Both charmingly humorous and startlingly disturbing, MTC’s production of Caryl Churchill’s Top Girls vividly illustrates the subjugation, struggles and successes of various women throughout history.
Top Girls is a socially conscious, feminist play set in the 1980s that depicts the life of Marlene, a professional who receives a lofty promotion at work.
The time-transcending, nonlinear play progresses from the fantastic to the realistic, with the first scene depicting a celebratory dinner Marlene holds to mark her promotion. In attendance are five remarkable women from various points in history, including Pope Joan, a female pope of the 850s who lived as a man to pursue religious studies, and Lady Nijo, a Japanese Buddist nun who wrote about her experiences walking through Japan.
Each of the characters are strikingly vibrant. It’s an impressive accomplishment of both the skilled actresses, most of whom play two different characters, and the costume and makeup crew who managed to create such distinctive looks for each of the characters. The actresses remained unrecognizable between their alternate roles.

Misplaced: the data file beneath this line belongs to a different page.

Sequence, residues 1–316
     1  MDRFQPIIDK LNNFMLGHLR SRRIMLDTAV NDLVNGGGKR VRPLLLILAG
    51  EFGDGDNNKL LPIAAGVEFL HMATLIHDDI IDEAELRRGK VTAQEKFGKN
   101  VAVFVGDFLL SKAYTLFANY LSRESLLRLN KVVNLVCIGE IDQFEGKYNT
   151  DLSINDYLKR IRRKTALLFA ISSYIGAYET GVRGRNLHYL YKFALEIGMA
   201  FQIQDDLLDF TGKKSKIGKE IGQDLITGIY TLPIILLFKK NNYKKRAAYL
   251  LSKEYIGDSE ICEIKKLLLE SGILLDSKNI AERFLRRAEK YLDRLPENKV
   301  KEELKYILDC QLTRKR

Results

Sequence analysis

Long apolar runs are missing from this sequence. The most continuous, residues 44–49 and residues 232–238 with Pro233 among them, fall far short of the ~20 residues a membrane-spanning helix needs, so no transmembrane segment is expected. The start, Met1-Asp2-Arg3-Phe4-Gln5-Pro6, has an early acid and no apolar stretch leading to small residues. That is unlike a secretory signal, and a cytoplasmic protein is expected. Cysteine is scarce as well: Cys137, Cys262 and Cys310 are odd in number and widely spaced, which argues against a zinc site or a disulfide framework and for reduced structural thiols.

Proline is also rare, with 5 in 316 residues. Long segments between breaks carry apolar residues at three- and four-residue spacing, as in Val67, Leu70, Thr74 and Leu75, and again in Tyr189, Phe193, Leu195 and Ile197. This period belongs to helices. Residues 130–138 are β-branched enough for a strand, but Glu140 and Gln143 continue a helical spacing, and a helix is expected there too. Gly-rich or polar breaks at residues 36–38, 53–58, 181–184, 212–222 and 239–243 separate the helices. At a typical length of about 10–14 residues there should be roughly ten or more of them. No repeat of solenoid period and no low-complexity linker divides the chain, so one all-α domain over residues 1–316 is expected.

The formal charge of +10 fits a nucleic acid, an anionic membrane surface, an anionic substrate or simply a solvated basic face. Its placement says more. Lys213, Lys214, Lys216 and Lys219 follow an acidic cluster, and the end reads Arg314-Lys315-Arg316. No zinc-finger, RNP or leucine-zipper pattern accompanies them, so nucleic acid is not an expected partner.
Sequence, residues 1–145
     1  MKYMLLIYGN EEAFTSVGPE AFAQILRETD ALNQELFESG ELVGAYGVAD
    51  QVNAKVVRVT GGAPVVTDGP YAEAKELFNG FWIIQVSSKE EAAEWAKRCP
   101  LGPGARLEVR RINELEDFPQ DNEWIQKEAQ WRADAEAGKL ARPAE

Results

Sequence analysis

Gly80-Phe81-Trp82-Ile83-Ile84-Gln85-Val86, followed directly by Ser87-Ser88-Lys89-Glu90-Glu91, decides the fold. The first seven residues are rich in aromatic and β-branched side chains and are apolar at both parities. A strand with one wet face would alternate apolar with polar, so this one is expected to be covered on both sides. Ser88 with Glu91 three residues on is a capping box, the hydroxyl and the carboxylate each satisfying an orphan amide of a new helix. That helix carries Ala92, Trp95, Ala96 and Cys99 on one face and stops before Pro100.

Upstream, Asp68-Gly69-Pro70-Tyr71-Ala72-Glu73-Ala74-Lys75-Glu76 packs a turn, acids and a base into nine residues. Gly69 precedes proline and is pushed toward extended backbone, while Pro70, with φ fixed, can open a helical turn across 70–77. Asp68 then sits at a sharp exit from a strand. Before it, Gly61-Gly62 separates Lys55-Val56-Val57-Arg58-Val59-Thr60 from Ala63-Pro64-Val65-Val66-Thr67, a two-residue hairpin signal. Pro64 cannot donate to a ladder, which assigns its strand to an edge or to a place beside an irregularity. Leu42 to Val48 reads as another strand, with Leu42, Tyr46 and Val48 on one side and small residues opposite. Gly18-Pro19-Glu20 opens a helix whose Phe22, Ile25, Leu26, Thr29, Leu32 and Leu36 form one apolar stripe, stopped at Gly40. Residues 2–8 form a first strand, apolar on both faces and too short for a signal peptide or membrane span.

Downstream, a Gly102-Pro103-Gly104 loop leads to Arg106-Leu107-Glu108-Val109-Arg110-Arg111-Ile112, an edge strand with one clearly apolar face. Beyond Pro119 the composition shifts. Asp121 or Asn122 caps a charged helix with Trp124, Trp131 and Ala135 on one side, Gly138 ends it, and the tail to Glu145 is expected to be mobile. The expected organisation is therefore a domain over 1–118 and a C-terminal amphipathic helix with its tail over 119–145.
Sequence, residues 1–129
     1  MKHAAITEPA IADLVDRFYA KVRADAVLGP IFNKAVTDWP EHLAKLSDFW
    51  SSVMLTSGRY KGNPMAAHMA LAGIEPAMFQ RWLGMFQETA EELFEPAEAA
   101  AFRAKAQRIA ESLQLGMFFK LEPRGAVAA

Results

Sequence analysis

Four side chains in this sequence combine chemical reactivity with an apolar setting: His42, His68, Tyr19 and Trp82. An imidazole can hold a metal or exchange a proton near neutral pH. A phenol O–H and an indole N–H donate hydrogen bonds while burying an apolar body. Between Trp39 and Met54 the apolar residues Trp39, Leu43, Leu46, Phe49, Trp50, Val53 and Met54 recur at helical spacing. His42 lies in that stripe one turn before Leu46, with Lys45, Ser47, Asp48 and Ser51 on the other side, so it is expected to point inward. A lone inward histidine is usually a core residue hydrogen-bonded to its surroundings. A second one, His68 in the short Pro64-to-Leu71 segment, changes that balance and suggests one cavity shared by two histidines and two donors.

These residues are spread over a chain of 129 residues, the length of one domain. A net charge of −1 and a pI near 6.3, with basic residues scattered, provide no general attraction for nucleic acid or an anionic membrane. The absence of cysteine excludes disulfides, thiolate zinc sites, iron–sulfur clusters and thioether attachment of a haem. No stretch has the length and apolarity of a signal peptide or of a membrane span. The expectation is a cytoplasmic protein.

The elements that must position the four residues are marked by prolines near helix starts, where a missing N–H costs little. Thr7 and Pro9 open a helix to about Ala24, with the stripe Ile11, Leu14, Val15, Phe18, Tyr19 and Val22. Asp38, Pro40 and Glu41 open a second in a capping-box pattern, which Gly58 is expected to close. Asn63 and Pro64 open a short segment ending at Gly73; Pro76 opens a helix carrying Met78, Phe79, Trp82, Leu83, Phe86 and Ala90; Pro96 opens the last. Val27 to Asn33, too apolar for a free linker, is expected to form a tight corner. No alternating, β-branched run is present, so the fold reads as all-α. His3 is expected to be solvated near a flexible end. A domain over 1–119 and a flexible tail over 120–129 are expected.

Perhaps the most compelling character was Dull Gret, a primitive warrior woman and dinner guest, played by Tracy Penner. Though she remained silent for most of the scene, the words she did speak were spoken with enough emotional intensity to change the energy in the theatre from warm and light-hearted to deeply tragic in a matter of seconds.
While the actresses meticulously mastered the overlapping dialogue, a feature which Churchill wrote into the script, it proved to be somewhat overwhelming, forcing one to frantically choose which woman to listen to.
Since each of the characters had such interesting tales to tell it was a shame to miss anything. However, this feature did bring an authentic dinner-party feel to the stage.
Overall, Top Girls showcases the remarkable accomplishments of women not just within the script but at every level of the play’s production and execution.
The attention to detail was remarkable, from the sharp, synchronized set changes to the ornate costumes, right down to the props – the food at the dinner even seemed to be wafting delicious aromas throughout the theatre.
Like most socially powerful plays, the ending of Top Girls was deeply ambiguous. Viewers will no doubt leave the theatre with a lot of mental material to digest.
Published in Volume 64, Number 17 of The Uniter (January 28, 2010)